The Cisco A+ Academy also has a room filled with computer workstations containing diagnostic and repair equipment to be used along with computers donated by Intel. Intel's generosity allows students to put their lessons to work, and then once the computers have been repaired, they are given to nonprofit organizations. In addition to the valuable support from Intel, Dell has provided comprehensive online professional development for staff and virtual learning modules for students.

Another popular department housed in the Dell/Cisco Systems Building is culinary arts. This program is enhanced by the four separate kitchens equipped with computer-controlled refrigerators and ovens, grills, deep fryers and a 550-seat student cafeteria. Students not only prepare meals for the cafeteria and conference hall events, but also prepare lunches for the city's elementary schools with no kitchen facilities. Baked goods are prepared in the bakeshop's demonstration classrooms. Visiting chefs lend their expertise, and the visits are recorded by the media department then made available for airing on local television.

The students operate a 120-seat restaurant, The Skyline Bistro. It is open to the public during the school year, offering an ever-changing ala carte menu, and is so popular that reservations are recommended. The aquaculture area of environmental technology even raises fish such as tilapia and trout for the public restaurant. From setting the table and preparing food for one to hosting hundreds in the school's conference rooms, students graduating from this program are well equipped to pursue careers in hotel and restaurant management and culinary arts.

Also housed in this building is graphic communications, which in partnership with Océ Digital Corporation provides full-service printing for nonprofit organizations, schools and the City of Worcester as part of the curriculum.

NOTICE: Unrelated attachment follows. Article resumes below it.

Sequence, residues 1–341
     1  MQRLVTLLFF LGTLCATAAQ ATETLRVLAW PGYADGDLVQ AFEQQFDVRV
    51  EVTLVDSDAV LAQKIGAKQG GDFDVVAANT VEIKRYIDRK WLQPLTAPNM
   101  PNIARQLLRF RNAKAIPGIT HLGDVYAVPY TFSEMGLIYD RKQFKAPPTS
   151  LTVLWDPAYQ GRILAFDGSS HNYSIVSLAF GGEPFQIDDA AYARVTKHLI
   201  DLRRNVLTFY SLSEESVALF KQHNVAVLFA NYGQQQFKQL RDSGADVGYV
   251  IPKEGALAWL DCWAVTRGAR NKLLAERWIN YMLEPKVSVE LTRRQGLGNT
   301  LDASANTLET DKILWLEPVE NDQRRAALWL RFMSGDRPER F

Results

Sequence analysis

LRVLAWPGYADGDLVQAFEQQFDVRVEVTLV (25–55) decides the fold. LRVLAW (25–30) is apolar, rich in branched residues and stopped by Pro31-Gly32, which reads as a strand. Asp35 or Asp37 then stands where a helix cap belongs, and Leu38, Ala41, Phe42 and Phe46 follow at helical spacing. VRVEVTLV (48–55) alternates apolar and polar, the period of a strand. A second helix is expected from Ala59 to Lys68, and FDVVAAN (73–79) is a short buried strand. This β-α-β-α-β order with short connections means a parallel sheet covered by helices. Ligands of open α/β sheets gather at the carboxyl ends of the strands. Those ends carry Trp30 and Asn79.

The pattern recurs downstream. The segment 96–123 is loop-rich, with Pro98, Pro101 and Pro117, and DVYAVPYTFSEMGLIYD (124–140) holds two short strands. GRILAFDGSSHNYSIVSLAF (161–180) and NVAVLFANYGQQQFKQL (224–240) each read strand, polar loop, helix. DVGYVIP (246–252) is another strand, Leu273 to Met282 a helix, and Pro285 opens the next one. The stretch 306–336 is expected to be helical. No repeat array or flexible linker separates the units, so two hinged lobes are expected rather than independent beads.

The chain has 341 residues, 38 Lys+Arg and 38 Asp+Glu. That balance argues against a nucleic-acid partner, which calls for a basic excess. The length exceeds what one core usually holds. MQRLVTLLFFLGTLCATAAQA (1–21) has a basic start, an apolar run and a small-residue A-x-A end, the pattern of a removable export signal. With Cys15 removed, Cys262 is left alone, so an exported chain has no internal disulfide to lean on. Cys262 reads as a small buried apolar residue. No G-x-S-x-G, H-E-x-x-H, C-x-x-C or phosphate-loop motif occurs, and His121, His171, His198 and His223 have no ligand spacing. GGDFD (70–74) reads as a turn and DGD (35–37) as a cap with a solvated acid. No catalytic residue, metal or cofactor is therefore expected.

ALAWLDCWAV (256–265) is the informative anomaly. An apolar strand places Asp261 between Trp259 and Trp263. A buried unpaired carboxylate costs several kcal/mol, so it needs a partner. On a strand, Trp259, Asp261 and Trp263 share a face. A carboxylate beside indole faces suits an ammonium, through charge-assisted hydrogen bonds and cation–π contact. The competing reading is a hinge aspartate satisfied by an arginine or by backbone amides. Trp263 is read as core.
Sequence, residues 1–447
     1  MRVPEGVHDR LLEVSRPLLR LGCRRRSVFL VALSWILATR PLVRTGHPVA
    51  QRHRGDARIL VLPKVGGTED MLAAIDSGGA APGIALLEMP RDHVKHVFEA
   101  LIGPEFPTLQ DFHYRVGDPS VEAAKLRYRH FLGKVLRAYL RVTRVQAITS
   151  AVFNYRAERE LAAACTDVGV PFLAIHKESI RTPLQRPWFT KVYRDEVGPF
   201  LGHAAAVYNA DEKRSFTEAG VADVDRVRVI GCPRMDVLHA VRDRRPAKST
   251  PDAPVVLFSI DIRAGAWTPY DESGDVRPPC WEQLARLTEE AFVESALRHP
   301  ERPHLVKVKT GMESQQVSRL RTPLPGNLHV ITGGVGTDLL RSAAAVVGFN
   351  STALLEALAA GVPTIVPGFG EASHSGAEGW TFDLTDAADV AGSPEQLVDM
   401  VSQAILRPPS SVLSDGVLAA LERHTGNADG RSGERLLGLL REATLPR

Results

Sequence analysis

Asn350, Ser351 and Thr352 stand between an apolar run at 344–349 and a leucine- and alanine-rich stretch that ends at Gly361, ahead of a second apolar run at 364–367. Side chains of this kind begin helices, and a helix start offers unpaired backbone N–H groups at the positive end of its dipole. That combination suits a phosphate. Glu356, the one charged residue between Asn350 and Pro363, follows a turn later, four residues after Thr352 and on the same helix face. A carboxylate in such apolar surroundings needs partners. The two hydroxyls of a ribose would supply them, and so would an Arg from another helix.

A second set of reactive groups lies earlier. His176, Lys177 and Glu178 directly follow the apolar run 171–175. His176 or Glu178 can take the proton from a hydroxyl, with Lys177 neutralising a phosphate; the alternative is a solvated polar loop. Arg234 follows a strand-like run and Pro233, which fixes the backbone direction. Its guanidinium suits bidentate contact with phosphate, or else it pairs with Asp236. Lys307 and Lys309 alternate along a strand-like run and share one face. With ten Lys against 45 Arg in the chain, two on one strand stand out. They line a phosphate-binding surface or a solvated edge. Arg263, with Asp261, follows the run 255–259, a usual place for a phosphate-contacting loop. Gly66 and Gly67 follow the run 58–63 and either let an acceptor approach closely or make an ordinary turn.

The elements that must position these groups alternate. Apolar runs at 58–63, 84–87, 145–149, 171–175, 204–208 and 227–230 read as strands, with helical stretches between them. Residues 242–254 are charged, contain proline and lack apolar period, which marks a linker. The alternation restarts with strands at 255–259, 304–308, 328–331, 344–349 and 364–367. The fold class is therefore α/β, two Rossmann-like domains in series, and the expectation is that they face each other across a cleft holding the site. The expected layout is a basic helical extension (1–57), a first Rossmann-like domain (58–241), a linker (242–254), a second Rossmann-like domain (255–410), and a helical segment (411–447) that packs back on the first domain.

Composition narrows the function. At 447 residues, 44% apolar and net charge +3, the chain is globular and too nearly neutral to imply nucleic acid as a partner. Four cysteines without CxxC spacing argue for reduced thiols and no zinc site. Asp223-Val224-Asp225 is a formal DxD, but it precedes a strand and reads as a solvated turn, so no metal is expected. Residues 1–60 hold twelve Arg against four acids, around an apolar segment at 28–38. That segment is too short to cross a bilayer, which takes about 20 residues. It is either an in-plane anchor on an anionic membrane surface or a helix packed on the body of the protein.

Building B: The Allied Health and Human Services Academy

Offering training in environmental and biotechnology, and health and life sciences education, Worcester Tech's Allied Health and Human Services Academy is the doorway for burgeoning medical, nursing, pharmacy and rehab assistants; cosmetologists; veterinary tech assistants; early childhood educators; environmental and biotechnical technologists; and more.

The health and life sciences area replicates a typical doctor's office with an actual waiting room complete with service window. There are hospital beds where students can practice their bedside manner, diagnosing or treating patients, along with taking vitals using the latest medical equipment and monitoring devices. The Worcester Tech Allied Health and Human Services Academy is one answer to how the medical field is going to fill the growing demand for highly skilled technicians and assistants.

The early childhood (EC) training area offers a real hands-on experience with its colorful childcare center. The area can accommodate up to 40 toddlers, and students are afforded the opportunity to get a taste of what caring for very young children is really all about.

"Through the Worcester Public Schools, which operates many child care centers in the city, residents of Worcester make application each year for the different sites," says Crafts. "Ours is the only technical training center, so the children get many opportunities here, because the EC students allow the student-teacher-to-child ratio to be nearly one to one."